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What’s New in Laundry Facilities Management (Part 1)

Customer service paradigm has shifted from ‘route operations’: Scarpato

WEST NEWTON, Mass. — Just as retail self-service laundry owners endeavor to best serve their walk-in and drop-off customers, multi-housing laundry operators combine best practices with hard work in an effort to serve their contracted community area laundry rooms in places such as apartment buildings, condominiums and public housing.

And like their retail counterparts, those overseeing multi-housing laundries have adapted to providing service in a pandemic environment, with its enhanced facilities cleaning and social distancing, but are looking forward to the day when things get back to something approaching normal.

Scott Scarpato is CEO and owner of Automatic Laundry Service Co., based here in West Newton, and current president of the Multi-housing Laundry Association (MLA), the North American trade association of operator and supplier companies providing professional laundry services for the multi-housing industry.

Scarpato’s father started Automatic Laundry in Massachusetts in 1963 and Scarpato has been working in the business since he was a little boy. He started as a repairman and learned the business through and through before going full-time in 1981. Automatic Laundry has expanded into New England and today serves the Northeast.

“If we’re not the largest, we’re one of the largest closely held … laundry facilities management companies in the industry and we just do our business,” Scarpato says. “Nothing fancy. We just go about our blocking and tackling every day.”

Laundry facilities management is often referred to as “route operations,” a term that Scarpato thinks is outdated.

“I think it connotes a time gone by, the coin-op washers down in a dingy basement,” he says. “Today, it’s extremely different. There’s a lot of technology packed into our community laundry rooms. The way we interface with our customers is very different. The whole customer service paradigm has shifted to an enriched experience.”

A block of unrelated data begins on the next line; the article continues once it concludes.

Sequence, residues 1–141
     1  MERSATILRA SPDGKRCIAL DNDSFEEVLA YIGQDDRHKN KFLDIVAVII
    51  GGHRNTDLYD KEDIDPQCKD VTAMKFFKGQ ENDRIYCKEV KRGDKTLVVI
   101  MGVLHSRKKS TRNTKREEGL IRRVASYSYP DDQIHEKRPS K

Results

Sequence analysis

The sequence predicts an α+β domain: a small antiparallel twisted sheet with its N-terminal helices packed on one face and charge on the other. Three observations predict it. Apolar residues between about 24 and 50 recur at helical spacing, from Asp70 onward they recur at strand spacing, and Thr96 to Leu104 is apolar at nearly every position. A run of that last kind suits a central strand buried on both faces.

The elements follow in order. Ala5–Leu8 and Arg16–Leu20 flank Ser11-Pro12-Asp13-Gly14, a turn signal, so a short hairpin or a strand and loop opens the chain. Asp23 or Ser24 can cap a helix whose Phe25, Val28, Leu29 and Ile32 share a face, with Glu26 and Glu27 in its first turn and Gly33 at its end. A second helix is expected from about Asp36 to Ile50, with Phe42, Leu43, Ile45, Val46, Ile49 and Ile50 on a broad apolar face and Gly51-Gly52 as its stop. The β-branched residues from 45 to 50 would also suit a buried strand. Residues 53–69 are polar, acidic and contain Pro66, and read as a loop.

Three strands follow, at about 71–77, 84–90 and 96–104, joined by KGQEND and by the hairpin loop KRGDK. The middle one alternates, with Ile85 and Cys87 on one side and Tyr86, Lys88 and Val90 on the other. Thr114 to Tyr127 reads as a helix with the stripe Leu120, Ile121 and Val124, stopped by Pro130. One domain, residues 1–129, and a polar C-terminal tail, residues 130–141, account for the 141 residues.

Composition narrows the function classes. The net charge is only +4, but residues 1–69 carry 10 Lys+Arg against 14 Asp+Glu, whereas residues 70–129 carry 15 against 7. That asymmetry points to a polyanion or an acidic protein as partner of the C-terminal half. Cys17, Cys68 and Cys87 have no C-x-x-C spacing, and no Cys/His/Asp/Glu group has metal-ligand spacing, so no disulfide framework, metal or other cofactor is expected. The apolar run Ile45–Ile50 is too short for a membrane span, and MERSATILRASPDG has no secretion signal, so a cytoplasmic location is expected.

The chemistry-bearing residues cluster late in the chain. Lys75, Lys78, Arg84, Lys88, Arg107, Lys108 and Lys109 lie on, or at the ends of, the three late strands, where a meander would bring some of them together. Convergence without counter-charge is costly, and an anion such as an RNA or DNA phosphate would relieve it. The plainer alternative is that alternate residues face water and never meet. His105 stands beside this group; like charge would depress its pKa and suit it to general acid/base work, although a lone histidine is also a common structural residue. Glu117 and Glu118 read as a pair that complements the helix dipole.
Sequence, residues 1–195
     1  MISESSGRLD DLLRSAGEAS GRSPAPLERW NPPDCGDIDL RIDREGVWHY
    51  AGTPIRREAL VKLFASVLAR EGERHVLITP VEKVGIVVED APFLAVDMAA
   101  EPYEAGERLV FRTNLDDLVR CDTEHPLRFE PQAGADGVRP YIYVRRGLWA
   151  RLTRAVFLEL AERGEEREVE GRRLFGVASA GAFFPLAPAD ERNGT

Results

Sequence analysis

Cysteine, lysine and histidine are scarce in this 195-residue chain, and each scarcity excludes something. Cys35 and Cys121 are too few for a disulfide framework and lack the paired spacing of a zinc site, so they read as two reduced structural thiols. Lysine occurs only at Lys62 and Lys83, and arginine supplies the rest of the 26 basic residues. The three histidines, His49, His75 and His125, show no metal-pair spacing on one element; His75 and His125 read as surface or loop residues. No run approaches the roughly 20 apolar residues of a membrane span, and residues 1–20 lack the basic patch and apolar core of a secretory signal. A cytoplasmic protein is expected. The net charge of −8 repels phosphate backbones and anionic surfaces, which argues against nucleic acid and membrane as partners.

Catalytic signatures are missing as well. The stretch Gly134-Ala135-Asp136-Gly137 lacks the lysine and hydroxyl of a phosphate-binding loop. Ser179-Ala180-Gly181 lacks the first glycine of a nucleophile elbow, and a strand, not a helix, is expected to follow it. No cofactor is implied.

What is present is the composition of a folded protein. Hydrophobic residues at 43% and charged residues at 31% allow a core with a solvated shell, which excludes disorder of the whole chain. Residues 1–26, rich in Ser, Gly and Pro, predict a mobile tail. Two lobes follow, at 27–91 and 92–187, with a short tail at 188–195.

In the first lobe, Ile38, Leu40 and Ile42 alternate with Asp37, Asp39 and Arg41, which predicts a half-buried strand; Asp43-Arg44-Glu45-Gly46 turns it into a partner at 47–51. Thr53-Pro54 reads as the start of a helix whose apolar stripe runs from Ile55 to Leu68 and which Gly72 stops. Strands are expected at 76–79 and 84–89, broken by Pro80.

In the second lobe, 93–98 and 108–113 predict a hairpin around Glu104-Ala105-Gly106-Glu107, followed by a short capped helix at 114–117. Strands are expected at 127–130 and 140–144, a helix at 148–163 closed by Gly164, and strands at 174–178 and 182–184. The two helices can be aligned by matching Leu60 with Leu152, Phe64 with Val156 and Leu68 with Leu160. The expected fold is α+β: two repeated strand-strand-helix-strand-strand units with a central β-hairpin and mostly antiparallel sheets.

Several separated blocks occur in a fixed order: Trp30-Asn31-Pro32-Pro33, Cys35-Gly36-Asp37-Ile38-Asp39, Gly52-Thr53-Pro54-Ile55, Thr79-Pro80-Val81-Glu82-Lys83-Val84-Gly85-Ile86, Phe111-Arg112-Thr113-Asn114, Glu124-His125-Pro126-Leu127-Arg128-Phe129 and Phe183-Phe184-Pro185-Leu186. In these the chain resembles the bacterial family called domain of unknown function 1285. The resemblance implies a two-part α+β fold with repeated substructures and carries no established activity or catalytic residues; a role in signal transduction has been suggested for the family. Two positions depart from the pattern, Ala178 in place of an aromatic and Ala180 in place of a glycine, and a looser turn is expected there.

A multi-housing laundry operator or manager enters into an agreement with a facility to provide and maintain a common laundry area on the premises, according to Scarpato.

“A building owner, a condominium association, university or college housing department will reach out to a company like ours and we’d go look at the community laundry facility,” he explains. “We would submit a proposal on how to best run that. Ownership of the property … would review the proposal and if they liked the terms, they’d accept them and we would enter into a long-term agreement whereby we install and retain ownership of the washers and dryers.

“We maintain the equipment and we remit, in the form of a rent, a percentage of the receipts to cover the cost, for the building owners, for their utilities and everything. The utilities are supplied to us by the building.”

There are some differences between the equipment in a common laundry room and the equipment found in your local Laundromat.

“Some of your big high-rises is going to have equipment that’s very similar to what you see in a public Laundromat. You’re going to see tumbling dryers. You’re going to see multi-load washer-extractors. Other facilities are mainly small chassis, so you’re going to have 22-pound-capacity front loaders … and single-load dryers, stack dryers.”

Check back Tuesday for the conclusion!